I think that the primary differences which vastly change the situation over there are the Constitution and specifically the amendment procedure, and the federal nature of the US. The amendment procedure is incredibly onerous, requiring the consent of 2/3 of both Houses of Congress and 2/3 of state legislatures, an incredible feat. The result of this is stagnation, which suits conservatives: Even where the public as a whole is ready for change in Constitutional provisions, it is almost impossible to get it done. The Supreme Court is able to remedy some of this stagnation by acting in the name of good policy and the public will.

The other intertwining feature, the federal system, is perhaps even more problematic. The Constitution given limited powers to the federal government and reserves many powers for the states. Meanwhile, citizens identify strongly with the US as a whole, and so are immensely keen to mould other parts of it according to their own preferences in a way that they would not when it came to other countries. To give a British analogy, if Yorkshire decided to allow wife beating within its borders, the rest of the country would be outraged in a way it would not about Middle Eastern countries. Now here, we can do something about it through Westminster Parliament. In the US, on some issues there is no clear way to do so, and because of the difficulty of getting an Amendment together, the only clear way is to get the Supreme Court involved. So the Supreme Court followed the general mood of the country in developing a right to privacy to act against certain reactionary states which do things like ban homosexuality (Texas and others, until 2003) or sex toys (Alabama and others, still), or of course abortion (which led to Roe v Wade) - something which rankles conservatives no end. Where there was no democratic way for the country as a whole to determine these issues, the Supreme Court was made to do it instead.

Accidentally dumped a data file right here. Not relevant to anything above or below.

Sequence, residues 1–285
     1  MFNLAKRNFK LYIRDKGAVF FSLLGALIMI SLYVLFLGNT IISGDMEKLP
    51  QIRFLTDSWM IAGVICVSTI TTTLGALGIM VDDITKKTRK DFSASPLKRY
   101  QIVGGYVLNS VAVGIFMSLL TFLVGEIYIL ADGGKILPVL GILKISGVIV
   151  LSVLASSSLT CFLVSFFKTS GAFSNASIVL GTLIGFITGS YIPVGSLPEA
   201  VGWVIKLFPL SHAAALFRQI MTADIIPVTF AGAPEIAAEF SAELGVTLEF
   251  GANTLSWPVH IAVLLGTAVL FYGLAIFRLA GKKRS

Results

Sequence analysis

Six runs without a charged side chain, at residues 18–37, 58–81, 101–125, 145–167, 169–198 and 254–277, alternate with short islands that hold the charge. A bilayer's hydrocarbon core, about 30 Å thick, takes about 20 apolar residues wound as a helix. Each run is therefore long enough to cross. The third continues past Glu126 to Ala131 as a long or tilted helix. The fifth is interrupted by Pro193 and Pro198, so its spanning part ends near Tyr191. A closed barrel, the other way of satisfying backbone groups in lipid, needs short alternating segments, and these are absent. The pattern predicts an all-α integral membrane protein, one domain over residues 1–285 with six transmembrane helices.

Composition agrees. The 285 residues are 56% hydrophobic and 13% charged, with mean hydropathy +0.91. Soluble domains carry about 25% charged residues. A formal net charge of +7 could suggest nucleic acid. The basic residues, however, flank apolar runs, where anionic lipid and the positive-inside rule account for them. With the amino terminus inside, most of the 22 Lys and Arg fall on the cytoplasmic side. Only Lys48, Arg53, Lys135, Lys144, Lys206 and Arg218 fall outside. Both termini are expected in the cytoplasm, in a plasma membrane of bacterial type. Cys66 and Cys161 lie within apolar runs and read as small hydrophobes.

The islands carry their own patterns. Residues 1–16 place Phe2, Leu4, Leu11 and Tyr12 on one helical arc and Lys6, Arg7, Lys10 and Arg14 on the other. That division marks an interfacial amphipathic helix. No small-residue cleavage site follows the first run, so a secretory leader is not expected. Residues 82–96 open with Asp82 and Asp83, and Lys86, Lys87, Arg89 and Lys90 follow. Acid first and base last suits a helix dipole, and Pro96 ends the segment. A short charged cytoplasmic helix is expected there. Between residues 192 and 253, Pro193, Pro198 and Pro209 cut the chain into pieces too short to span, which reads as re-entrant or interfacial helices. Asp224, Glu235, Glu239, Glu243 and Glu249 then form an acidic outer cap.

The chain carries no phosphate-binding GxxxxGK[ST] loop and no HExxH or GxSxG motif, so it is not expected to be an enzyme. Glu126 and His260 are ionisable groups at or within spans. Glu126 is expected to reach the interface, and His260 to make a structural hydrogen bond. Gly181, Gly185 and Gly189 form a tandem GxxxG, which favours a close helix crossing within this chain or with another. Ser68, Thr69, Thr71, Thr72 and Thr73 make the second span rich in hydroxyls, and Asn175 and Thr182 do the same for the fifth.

Essentially, what these two elements mean is that in the US, the Supreme Court has been used to overcome deficiencies in democratic control and accountability. Still, it is a perversion of the function of courts, because it is also lacking in these qualities and because it makes objective application of laws impossible. Not only does politicisation mean that judicial interpretation will lag far behind the ideologies favoured by the electorate, but legal process will become more and more a cynical game of legal realism, determining judgements not according to what makes sense or follows precedent, but who is to be judging. Legal certainty and the separation of powers take terrible hits.

In Britain we don't have anything like these problems. Admittedly, sometimes judges cannot resist applying their political beliefs to cases, but they are roundly critised for it. But any question can, as a fall back, be left to Parliament without fear that they will be unable to deal with it. This suggests that any limits we place on Parliamentary action need to be subject to change at the behest of the electorate (a subject I will consider at another time). Furthermore, we have nothing like the level of federalisation of the US, and this analysis suggests that we should be careful how much we allow to be devolved - when something outrages the moral sentiment of the rest of the country, the people need to be able to rectify it democratically.

Publius suggests that people start baldly supporting or opposing judicial candidates according to their politics, just as in elections. I suggest instead that the US would benefit far more from centralising more power over 'moral' issues and making Amendments much easier. I recognise that neither are likely to happen any time soon. But only then will the Supreme Court be able to get back to its proper task of judging, and candidates can be considered harshly if they look like they are going to apply political bias - any political bias - to their adjudications.